Kingdra is also the prerelease promo card.
Card Number 14: Blaziken
Good HP, good retreat and two attacks that, whilst not game breaking, are still useful. Spreading
Flames can get you Fire Energies onto the field, thus providing a more powerful alternative to Blacksmith (FFire). Heat Blow is where it’s at – 100 damage for two Energies and discard one. 100 damage is a guaranteed 2HKO on any standard EX, and when used in conjunction with some sort of additional damage, it is possible for Blaziken to 2HKO Mega/Primal Pokémon too.
Running Blaziken with its Furious Fist brethren is a neat idea since that Blaziken offers a powerful snipe attack; useful if your opponent decides to retreat their half-damaged EX.
Card Number 13: Sceptile
In the video game, Sceptile is a very fast Pokémon, yet despite this, it is somehow given a Retreat Cost of two. Anyway, the selling point of Sceptile is its Ability, Nurture and Heal. Previously, the best way for Grass types to receive Energy Acceleration was through Virizion EX. Now while this is still a viable method, Emerald Slash does use your attack up for the turn. Imagine if you were running a Genesect EX deck and you had a Sceptile on the field. You would be able to set it up much quicker and could possibly be able to fire off repeated G-Boosters. The 30 damage healing could potentially prevent a KO on your Genesect too.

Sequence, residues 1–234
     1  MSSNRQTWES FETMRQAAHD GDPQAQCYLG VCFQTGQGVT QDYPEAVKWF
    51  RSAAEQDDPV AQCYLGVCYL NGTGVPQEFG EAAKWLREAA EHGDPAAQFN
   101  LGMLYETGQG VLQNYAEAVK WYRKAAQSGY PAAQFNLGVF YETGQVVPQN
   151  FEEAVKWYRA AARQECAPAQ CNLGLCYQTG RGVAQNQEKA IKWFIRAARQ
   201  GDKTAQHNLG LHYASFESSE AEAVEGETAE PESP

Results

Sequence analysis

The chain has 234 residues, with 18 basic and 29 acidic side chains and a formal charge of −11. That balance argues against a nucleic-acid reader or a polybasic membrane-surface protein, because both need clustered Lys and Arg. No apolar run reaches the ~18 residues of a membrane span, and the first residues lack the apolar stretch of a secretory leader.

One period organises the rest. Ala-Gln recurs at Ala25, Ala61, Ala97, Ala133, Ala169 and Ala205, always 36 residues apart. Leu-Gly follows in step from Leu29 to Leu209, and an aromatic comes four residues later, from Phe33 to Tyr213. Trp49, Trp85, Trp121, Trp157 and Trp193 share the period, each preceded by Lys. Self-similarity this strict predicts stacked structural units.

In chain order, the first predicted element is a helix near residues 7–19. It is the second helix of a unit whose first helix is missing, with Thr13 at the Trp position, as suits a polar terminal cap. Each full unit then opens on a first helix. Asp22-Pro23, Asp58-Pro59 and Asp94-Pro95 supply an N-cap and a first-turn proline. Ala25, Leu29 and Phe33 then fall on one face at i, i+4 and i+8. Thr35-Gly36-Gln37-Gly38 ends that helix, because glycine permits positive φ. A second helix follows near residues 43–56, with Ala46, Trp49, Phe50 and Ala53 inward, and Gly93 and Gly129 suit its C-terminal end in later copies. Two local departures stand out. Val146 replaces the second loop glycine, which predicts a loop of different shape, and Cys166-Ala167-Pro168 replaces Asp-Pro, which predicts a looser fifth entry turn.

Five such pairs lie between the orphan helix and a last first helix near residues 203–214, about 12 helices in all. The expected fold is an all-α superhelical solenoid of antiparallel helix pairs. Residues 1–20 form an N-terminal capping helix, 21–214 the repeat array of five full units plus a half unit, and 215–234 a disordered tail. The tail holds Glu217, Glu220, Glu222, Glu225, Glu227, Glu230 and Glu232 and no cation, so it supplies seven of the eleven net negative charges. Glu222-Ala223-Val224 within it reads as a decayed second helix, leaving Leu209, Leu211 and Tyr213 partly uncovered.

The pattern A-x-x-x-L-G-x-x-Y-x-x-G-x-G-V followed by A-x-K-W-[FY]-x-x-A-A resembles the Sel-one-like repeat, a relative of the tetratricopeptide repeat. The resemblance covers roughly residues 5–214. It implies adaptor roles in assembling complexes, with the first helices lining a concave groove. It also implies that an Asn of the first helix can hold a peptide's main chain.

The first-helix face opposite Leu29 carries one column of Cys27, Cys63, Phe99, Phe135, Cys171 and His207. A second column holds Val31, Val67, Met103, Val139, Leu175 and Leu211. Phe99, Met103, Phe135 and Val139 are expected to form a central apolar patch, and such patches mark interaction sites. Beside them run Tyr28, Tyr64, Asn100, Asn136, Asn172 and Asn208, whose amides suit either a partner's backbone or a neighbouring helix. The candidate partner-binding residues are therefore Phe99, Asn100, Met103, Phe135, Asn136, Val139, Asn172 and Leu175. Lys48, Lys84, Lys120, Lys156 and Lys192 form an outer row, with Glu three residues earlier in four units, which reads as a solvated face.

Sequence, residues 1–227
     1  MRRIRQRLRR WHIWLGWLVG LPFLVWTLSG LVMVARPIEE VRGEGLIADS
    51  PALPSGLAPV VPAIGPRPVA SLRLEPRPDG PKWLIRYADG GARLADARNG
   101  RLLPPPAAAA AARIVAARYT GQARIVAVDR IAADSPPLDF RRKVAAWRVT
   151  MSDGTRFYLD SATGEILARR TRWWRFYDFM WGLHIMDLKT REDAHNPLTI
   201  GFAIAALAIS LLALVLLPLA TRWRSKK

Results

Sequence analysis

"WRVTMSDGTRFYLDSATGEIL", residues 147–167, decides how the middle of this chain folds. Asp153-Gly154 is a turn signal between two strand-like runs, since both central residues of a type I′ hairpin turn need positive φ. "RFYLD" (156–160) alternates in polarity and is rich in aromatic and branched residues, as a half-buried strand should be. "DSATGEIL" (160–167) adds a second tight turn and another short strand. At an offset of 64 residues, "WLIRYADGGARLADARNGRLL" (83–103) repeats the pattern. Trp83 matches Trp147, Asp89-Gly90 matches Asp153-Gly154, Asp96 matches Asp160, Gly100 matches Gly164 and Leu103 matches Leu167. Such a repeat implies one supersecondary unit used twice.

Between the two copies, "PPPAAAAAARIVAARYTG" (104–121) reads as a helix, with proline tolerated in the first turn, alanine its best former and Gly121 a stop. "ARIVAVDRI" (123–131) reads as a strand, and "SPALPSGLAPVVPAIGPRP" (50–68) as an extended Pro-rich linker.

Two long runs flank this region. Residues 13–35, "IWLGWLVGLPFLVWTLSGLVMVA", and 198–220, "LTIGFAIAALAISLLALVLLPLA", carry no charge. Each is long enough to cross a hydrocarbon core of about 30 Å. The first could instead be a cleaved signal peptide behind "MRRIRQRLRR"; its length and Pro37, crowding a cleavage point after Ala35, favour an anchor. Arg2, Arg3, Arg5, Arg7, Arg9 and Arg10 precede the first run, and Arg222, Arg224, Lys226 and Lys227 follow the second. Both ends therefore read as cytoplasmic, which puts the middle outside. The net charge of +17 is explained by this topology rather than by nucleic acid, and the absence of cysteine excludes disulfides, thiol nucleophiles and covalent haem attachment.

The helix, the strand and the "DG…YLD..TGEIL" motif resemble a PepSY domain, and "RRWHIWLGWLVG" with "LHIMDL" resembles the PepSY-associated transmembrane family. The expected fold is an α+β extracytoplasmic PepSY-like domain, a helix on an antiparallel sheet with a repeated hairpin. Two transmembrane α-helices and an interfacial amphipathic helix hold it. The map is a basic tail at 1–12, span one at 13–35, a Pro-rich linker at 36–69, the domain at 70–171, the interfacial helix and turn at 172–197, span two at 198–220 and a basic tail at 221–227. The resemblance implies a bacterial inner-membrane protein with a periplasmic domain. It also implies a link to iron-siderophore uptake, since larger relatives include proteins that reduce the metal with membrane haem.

Besides Genesect EX, Sceptile combos nicely with Trevenant EX and Venusaur EX. A problem that I have found with Shiftry (FFire) is that it needs some sort of Energy acceleration, although I do not believe that a Stage 2 will be the best thing for it. Note that the Grass Energies do not have to be attached to a Grass Pokémon, so you could, if you wished, attach them to a Pokémon like Regigigas PF.
Card Number 12: Shrine of Memories
Simple effect, so many possibilities. Whilst this effect can be achieved via Celebi EX BCR, Shrine of Memories is not a 110HP, bench-sitting, two prize card liability.